$if $prototyper
  trace "This code is used during prototyping only";
$else
  trace "This code is used during code generation only";
$endif

For more sophisticated application cases the $elseif directive is available. With it you can specify a further condition to be evaluated if the preceding condition is not fulfilled:

$if $composer
  trace "This code is used when working in Composer only";
$elseif $prototyper
  trace "This code is used during prototyping only";
$else
  trace "This code is used during code generation only";
$endif

Please note, Chora doesn't allow nested conditional directives. Thus the following code will raise a Chora compilation error. To formulate more complex conditions you can use e.g. the logical AND operator && and the logical NOT operator !:

// Error: nested directives are not supported
$if $composer
  $if $prototyper
    trace "Both macros are 'true'";
  $else
    trace "Only the 'composer' macro is 'true'";
  $endif
$else
  $if $prototyper
    trace "Only the 'prototyper' macro is 'true'";
  $else
    trace "None of the both is 'true'";
  $endif
$endif

// OK. Use complex conditions
$if $composer && $prototyper
  trace "Both macros are 'true'";
$elseif $composer && !$prototyper
  trace "Only the 'composer' macro is 'true'";
$elseif !$composer && $prototyper
  trace "Only the 'prototyper' macro is 'true'";
$else
  trace "None of the both is 'true'";
$endif

Please note, a directive must be the only instruction on a line. Trying to use several directives within the same line will result again in a Chora compilation error:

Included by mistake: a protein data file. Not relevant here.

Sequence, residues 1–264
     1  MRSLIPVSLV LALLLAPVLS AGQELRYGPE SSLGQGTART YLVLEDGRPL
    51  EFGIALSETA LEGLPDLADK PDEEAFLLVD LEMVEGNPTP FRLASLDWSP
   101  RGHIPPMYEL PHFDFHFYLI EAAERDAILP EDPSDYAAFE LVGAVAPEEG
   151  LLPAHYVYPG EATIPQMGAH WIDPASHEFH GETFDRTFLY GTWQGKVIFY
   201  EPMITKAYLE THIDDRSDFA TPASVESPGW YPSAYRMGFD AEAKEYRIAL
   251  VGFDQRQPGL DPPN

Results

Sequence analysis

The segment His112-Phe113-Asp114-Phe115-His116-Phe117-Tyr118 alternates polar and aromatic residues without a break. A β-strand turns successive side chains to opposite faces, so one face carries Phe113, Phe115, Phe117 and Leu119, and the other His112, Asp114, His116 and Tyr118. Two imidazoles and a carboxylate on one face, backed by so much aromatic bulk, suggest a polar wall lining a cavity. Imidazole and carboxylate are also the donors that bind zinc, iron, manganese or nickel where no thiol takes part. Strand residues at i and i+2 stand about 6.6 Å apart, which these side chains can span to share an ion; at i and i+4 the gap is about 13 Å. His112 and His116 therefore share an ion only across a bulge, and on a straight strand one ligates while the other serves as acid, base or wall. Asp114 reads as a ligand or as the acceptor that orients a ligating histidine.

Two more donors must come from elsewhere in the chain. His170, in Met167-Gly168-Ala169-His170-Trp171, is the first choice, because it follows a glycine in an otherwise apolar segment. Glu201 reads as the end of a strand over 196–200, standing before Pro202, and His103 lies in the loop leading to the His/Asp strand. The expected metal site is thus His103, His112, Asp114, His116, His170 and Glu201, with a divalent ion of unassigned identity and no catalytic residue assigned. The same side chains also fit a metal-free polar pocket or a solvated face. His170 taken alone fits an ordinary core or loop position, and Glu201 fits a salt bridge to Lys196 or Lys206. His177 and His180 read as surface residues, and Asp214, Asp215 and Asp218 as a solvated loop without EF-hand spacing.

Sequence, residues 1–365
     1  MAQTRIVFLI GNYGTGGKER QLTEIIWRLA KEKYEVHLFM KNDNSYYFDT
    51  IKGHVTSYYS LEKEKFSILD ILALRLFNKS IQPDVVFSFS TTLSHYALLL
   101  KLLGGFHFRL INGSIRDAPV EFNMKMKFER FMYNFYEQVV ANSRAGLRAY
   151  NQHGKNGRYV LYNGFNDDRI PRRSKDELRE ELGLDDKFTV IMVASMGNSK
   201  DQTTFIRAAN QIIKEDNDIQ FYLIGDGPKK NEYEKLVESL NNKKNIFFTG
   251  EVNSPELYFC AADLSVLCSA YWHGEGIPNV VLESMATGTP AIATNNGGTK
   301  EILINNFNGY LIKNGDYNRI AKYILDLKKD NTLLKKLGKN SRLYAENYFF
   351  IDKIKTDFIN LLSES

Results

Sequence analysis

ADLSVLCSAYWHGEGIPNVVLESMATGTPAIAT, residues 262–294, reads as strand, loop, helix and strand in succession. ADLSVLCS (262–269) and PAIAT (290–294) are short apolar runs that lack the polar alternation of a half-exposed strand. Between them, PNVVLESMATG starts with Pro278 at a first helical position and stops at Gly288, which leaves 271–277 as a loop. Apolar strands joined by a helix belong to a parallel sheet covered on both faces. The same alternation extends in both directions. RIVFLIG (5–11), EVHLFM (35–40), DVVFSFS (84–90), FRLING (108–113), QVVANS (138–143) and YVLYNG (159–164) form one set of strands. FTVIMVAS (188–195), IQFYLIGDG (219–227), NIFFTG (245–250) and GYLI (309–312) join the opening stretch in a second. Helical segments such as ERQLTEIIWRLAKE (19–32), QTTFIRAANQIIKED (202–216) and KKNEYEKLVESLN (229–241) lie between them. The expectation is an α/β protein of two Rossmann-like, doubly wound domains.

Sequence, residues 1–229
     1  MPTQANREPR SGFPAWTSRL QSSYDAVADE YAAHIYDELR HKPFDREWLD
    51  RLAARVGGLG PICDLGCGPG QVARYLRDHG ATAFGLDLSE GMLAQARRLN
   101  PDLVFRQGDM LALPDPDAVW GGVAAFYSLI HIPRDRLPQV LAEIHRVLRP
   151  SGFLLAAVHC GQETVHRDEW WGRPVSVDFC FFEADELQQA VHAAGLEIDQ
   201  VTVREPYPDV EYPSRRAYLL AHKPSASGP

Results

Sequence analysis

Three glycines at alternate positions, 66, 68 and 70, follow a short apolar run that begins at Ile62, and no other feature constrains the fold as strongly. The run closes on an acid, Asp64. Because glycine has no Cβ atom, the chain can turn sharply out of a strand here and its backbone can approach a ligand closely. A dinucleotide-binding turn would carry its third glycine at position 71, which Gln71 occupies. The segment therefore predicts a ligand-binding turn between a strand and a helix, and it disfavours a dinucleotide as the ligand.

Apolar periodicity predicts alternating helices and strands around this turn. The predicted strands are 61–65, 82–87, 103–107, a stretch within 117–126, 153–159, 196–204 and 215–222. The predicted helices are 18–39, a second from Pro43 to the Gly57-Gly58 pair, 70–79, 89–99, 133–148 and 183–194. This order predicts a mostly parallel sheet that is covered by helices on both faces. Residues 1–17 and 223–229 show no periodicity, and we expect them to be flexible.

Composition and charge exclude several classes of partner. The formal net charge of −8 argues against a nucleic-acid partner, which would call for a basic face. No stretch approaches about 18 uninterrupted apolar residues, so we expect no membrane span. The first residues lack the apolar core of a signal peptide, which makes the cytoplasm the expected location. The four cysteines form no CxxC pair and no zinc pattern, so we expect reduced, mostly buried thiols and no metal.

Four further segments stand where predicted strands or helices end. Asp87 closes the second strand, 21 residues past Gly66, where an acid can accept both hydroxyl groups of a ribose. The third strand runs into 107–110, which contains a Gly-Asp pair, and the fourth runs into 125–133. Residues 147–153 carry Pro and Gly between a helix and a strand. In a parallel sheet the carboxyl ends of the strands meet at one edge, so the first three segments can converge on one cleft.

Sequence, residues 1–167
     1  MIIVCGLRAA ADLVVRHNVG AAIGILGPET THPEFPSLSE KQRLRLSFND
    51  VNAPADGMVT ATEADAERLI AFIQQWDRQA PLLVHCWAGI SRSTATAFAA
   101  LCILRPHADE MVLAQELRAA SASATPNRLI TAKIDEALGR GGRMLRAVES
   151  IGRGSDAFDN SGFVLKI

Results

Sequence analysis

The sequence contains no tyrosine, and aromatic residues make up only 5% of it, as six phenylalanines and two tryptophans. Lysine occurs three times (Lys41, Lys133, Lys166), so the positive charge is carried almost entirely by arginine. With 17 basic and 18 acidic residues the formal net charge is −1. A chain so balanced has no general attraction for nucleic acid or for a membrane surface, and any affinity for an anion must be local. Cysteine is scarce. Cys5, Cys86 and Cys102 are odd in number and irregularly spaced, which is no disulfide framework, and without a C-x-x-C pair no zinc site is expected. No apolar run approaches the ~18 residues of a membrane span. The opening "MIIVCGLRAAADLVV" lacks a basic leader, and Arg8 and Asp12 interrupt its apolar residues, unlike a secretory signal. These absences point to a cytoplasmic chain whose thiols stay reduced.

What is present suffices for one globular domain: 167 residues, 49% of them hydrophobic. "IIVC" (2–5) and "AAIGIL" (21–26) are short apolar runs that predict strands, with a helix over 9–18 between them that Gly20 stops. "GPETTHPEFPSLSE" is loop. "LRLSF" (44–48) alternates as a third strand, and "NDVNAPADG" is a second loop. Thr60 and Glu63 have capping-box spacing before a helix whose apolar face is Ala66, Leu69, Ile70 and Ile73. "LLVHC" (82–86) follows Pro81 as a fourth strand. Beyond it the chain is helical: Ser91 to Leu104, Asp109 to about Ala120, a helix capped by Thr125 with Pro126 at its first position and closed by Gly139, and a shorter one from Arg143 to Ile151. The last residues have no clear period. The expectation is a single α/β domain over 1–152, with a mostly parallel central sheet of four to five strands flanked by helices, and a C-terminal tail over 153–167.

// Error
$if $prototyper trace "Prototyping";  $endif

// OK
$if $prototyper
  trace "Prototyping";
$endif

Equality operators == and !=

With the equality operator == you can compare in the condition whether the literal resulting from the operand on the left of the operator is identical to the from the operand on the right. If this is the case, the operator itself evaluates to the literal true. If the both operands are different, the operator == results in false. For example:

$if abc == abc
  trace "This code is taken over";
$endif

$if abc == ABC
  trace "This code is ignored";
$endif

Similarly, with the equality operator != you can compare in the condition whether the literal resulting from the operand on the left of the operator is not identical to the from the operand on the right. If this is the case, the operator itself evaluates to the literal true. If the both operands are identical, the operator != results in false. For example:

$if abc != abc
  trace "This code is ignored";
$endif

$if abc != ABC
  trace "This code is taken over";
$endif